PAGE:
Was that really so hard?
Government proves it can cut spending.
- Thursday, May 1, 2008
How nice it is, for a change, to see government really feel our pain.
Across Nevada and the nation, individuals and business owners alike are confronting harsh economic realities by making tough, priority-based budgetary decisions. Nevada's politicians, whose usual response to those same realities is to keep spending however they damn well please and simply force taxpayers to cough up the extra dough, this time appear ready to do the responsible thing and cut right along with the rest of us.
Faced with a large and growing revenue shortfall, which as of mid-April was projected at $914 million (and seems destined for greater depths still), Gov. Jim Gibbons has worked successfully with state legislators, Republican and Democrat, to do the sensible thing and scale back the size of the state budget.
Occasionally, it seems, even government gets it right. The end result won't be perfect – when the dust settles, there will probably still be plenty of places where the budget could and should have been trimmed even further. But at least we're on the right track.
Still, while the media are likely to chronicle this saga primarily as a triumph of bipartisan cooperation – all well and good, of course – the real moral of this story likely will be missed.
That moral is this: Government, lo and behold, can limit spending, just like the rest of us. More importantly, if it can do so in tough times, then it can also do so in prosperous times as well.
Think about it. If the governor and the legislators, Republicans and Democrats, are capable of sitting down together and figuring out how and where they can trim this budget, then why can't they do so with every budget - regardless of the economic climate? If politicians of all stripes agree we can do without some of these programs today, then why not also skip them tomorrow?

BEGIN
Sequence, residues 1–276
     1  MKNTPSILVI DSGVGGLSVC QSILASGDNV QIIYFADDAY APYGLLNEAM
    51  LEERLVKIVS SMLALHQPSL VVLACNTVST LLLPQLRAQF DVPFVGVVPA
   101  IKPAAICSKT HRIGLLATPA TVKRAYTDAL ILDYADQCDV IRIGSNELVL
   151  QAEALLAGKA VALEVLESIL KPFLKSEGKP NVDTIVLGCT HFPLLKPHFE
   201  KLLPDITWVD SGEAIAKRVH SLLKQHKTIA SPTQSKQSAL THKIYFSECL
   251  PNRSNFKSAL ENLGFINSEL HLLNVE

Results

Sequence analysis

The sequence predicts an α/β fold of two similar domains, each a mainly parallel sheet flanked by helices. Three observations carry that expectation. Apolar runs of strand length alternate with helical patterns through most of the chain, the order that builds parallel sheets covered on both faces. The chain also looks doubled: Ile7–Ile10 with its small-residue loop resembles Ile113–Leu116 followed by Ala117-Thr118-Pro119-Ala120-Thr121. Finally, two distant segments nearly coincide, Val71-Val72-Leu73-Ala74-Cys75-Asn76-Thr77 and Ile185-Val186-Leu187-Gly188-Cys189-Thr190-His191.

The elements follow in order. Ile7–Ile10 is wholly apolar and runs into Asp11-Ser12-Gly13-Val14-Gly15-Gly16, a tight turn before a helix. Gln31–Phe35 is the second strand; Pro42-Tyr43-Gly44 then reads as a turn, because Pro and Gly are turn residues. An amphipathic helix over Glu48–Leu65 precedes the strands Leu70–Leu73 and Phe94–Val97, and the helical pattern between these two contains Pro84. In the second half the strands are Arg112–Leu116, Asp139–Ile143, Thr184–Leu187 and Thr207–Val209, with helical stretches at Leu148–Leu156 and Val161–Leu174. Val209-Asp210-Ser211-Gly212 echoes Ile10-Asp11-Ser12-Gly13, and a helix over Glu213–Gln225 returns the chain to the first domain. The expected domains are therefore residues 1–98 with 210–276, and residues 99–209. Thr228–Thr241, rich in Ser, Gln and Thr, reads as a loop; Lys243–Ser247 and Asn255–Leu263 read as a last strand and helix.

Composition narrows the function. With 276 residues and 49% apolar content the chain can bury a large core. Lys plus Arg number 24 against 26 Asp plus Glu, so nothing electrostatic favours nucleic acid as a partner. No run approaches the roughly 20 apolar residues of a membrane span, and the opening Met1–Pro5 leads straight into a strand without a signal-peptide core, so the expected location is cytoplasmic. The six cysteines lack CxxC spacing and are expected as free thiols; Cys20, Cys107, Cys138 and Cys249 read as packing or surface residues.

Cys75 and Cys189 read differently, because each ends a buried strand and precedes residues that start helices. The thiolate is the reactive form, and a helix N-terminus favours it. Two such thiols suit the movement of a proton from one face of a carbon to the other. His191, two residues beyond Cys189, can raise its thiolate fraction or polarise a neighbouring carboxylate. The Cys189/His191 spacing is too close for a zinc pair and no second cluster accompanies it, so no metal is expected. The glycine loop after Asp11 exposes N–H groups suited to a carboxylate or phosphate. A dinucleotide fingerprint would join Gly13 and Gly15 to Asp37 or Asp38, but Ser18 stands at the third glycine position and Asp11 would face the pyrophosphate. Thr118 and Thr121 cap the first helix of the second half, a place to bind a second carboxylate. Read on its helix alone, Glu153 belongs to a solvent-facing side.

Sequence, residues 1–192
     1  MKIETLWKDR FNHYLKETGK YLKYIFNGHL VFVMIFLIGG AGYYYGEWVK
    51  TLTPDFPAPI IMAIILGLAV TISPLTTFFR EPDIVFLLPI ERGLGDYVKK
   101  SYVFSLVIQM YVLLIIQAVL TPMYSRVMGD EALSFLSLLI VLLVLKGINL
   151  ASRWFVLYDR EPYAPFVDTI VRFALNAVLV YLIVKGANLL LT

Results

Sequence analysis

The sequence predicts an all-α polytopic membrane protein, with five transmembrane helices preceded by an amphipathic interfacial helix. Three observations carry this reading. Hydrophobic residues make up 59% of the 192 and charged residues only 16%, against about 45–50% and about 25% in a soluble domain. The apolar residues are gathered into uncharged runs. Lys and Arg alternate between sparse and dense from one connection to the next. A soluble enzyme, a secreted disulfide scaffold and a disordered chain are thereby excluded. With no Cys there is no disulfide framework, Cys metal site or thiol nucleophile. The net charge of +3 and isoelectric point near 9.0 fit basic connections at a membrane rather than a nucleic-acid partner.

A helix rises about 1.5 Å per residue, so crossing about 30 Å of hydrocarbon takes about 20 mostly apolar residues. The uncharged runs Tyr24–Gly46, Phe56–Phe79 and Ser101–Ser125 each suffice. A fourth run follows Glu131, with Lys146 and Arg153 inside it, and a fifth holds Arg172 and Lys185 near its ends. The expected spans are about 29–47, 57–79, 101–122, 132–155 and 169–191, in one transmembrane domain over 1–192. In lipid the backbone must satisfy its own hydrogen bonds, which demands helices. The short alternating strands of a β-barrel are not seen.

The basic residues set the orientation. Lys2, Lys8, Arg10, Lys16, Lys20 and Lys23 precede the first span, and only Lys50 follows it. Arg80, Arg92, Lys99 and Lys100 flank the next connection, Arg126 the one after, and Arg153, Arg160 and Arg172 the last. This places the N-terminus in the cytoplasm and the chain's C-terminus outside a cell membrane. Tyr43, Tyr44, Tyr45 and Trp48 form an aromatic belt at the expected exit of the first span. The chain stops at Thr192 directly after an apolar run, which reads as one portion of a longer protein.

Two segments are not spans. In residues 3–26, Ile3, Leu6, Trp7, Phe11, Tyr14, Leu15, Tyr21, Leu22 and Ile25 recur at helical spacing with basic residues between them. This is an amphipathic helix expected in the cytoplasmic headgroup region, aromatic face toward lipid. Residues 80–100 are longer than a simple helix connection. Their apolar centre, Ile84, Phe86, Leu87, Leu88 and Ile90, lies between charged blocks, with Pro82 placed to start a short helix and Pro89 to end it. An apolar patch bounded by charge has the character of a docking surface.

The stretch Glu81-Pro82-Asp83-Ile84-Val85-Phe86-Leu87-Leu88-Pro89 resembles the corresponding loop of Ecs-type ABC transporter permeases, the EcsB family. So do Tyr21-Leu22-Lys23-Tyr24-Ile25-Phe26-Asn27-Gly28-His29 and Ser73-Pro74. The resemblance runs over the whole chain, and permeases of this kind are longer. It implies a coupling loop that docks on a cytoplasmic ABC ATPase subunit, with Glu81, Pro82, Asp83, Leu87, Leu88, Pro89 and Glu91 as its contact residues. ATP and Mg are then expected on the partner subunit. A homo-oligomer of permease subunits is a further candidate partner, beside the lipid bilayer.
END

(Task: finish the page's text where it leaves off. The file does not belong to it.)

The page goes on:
Skeptics no doubt will argue that, if members of the private sector get to enjoy their surplus revenues during prosperous times, then surely government is entitled to do the same. That argument, however, falls flat. Individuals and businesses earn their surplus revenues through their own hard work. Government, on the other hand, earns nothing. It merely takes money, through taxation, from those who have earned it. Then it adopts the mentality of a mall-bound teenaged girl armed with Dad's credit card.
Beyond the obvious justice of letting taxpayers keep more of their own money, the benefits to tightening the budget, even in good times, would be numerous. For starters, we'd be leaving more money in the hands of private individuals and businesses, who are far more likely than government to use it to generate economic activity. Additionally, by keeping baseline budgets low, we can make the next economic funk less severe. A big part of our modern-day problem is that politicians regularly use budget surpluses to go on lavish spending sprees, subsidizing their favorite special interests. Then, when leaner times make it impossible to fund all the new programs they've created, they throw up their hands and cry "Crisis!" Reining in spending, even during good times, would soften the blow of the next downturn.
It may be that a silver lining surrounds today's dark economic cloud. Our politicians have been given a much-needed lesson in the value of self-restraint, and in the process are being forced to make the tough but important decisions we ought to be able to expect from those we elect to serve and lead. Most important, they've been forced to take a close and critical look at our state budget with the specific goal of finding places where spending can be cut. Such an experience could prove useful in the future.
History, of course, suggests that our politicians will quickly forget any lessons they may now be learning, once happy days are here again. It will be up to Nevada voters to remind them.
Andy Matthews is vice president for communications at the Nevada Policy Research Institute. This commentary was first published in the May 2008 issue of the Nevada Business Journal.